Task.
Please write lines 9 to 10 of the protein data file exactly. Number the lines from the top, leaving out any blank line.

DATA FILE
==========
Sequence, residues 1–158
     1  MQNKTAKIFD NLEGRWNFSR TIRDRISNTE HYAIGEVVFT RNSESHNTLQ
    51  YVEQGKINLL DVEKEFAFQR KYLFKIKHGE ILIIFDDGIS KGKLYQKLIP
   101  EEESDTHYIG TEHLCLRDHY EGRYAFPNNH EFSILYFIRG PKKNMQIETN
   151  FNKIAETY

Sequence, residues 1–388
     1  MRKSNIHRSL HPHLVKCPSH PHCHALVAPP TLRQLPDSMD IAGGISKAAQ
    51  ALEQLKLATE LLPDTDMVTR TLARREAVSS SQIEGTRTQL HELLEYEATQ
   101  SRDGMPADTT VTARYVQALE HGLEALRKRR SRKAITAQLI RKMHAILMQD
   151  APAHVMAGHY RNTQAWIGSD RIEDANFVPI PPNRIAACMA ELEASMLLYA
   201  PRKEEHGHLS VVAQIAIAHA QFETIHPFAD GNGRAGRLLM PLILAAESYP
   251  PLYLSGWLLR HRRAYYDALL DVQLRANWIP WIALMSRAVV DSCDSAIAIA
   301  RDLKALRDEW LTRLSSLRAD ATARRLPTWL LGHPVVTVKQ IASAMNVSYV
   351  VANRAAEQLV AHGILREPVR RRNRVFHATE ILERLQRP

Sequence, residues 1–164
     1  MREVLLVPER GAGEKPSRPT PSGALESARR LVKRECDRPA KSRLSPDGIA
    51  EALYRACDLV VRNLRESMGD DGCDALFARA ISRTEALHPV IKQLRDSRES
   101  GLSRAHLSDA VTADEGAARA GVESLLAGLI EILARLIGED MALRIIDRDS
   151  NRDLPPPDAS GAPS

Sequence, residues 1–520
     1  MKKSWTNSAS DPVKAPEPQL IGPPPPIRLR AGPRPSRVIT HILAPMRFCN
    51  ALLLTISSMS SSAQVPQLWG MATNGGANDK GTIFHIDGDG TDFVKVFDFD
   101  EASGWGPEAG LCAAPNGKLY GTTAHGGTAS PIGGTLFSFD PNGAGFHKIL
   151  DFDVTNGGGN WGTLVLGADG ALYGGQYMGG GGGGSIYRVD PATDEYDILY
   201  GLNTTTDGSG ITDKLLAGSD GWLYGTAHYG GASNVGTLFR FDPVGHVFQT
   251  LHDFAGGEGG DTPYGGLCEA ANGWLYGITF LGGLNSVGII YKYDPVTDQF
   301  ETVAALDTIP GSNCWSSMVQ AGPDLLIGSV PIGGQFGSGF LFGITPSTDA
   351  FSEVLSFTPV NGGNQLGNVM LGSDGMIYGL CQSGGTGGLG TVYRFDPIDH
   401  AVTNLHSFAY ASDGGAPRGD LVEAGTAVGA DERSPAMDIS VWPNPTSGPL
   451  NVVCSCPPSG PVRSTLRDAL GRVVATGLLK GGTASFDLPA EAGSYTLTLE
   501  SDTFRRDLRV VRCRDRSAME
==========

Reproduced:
   101  SRDGMPADTT VTARYVQALE HGLEALRKRR SRKAITAQLI RKMHAILMQD
   151  APAHVMAGHY RNTQAWIGSD RIEDANFVPI PPNRIAACMA ELEASMLLYA